Another new feature of the Z11 Neo is that the two hard drive bays can now both be removed along with the supporting post. Whilst this is a nice little feature common on a lot of more expensive cases, it only seems to be of use here if you want to fit a rather gigantic graphics card or if you are going to modify the case to add a photon for water cooling, though as Zalman have blocked up the front of the case, fixing a tube reservoir may be a good idea if you want to go down the water-cooling route. We did wonder if you could fit another radiator for water cooling in the front of the PC, though as none of the 240mm radiators we had to hand fitted, we’re not sure this is going to be viable without further modification.

We should also make a couple of points about the build quality of the internals; the hard drive trays are quite flimsy and flex a lot, they don’t feel very secure and we would be concerned about transporting the case safely with any hard drives installed. Zalman have also persisted with the use of disposable PCI expansion slot covers, which is a common feature across their range of case. These feel cheap and it’s worrying how the non-removal parts of the case flex, when you are removing these PCI expansion slot covers.


As we’ve pointed out the rather strange choice of exhaust fans in the side panels, we thought it best to actually test the system to see if the orientation of these fans would make any difference to the temperatures in the PC, we therefore installed in the rig the follow items;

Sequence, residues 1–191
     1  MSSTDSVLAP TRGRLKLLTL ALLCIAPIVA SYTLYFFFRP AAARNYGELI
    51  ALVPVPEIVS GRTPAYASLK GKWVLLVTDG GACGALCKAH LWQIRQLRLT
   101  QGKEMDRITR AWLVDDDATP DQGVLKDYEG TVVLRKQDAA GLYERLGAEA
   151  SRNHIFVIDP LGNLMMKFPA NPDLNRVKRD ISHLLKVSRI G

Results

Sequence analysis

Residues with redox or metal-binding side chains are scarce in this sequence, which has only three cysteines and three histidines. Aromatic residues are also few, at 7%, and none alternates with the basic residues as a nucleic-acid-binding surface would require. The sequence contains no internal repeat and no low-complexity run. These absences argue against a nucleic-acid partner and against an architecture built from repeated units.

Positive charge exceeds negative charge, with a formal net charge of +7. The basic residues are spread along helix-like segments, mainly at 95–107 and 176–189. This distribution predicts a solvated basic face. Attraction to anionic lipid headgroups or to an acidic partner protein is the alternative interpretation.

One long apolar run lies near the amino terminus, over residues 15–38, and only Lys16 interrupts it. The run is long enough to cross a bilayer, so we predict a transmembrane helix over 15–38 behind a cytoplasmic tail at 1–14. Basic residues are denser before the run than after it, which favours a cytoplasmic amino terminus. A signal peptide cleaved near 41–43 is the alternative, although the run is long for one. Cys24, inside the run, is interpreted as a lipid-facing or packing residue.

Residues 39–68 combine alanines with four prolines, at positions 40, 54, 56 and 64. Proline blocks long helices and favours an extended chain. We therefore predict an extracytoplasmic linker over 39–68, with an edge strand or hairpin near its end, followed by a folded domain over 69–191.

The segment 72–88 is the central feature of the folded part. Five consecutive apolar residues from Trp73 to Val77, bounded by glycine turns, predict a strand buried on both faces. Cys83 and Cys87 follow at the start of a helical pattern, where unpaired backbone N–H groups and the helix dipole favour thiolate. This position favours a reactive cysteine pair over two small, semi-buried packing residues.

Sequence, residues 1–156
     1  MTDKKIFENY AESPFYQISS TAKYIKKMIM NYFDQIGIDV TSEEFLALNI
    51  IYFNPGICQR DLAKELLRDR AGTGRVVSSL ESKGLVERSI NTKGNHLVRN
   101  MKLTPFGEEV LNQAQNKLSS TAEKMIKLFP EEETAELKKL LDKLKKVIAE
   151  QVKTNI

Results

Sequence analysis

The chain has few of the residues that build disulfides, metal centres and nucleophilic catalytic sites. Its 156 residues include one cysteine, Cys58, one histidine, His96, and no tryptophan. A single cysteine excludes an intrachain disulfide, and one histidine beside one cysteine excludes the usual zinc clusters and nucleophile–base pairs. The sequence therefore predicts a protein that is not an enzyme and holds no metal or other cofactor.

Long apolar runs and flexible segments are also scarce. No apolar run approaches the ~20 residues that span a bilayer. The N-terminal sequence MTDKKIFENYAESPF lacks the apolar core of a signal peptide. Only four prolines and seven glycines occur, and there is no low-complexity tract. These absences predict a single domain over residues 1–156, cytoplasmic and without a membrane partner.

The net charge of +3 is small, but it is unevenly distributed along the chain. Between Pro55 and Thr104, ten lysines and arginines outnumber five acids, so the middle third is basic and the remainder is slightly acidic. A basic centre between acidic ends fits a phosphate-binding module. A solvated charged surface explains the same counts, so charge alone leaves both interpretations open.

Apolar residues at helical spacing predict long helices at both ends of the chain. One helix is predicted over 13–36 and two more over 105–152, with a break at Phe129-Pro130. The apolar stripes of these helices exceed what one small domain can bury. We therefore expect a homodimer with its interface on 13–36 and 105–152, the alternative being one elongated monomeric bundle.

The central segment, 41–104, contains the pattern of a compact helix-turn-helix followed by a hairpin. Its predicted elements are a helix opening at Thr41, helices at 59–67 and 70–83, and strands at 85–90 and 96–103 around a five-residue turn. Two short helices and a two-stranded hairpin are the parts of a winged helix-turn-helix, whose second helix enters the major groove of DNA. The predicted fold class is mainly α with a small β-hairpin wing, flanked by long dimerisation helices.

Gigabyte Z97-HD3 Motherboard

Intel Core i5 4690K

Stock CPU Cooler

8GB Corsair XMS3 1600MHZ RAM

Nvidia GTX 960 Graphics Card

Corsair CX500 PSU

500GB Seagate Barracuda HDD

Asus Optical Drive

Room ambient Temperature 22°C

For the initial tests we left the fans in the side panels in their original configuration, exhausting air from the PC. We then proceeded to run a few tests to check the temperatures of two of the main components in any gaming PC, the CPU and the graphics card.

Using Core Temp, we checked the CPU temperature when idle, which was hovering between 36 and 38°C, we then ran Prime 95 for 20 minutes to place the CPU under load, the maximum temperature recorded here was 77°C.

After the PC had been left for half an hour, so that the temperatures could return to normal, we then proceeded to check the graphics card temperature when idle using GPU-Z, this was around 33 to 36°C. Using Furmark to test the graphics card temperatures, again running it for 20 minutes, we got a maximum temperature of 79°C.

After swapping the fans over so that they would now work as intake fans – quite an easy job thanks to the way the side panels are designed – we then proceeded with the same CPU tests using the same software, the idle temperature was pretty much the same 35 to 38°C and under load 75 degrees C.

With the graphics card we again left the PC so that the internal temperatures could return to normal, after running the same tests we had an idle temperature of 33 to 35 °C and a maximum temperature under load of 77 degrees C.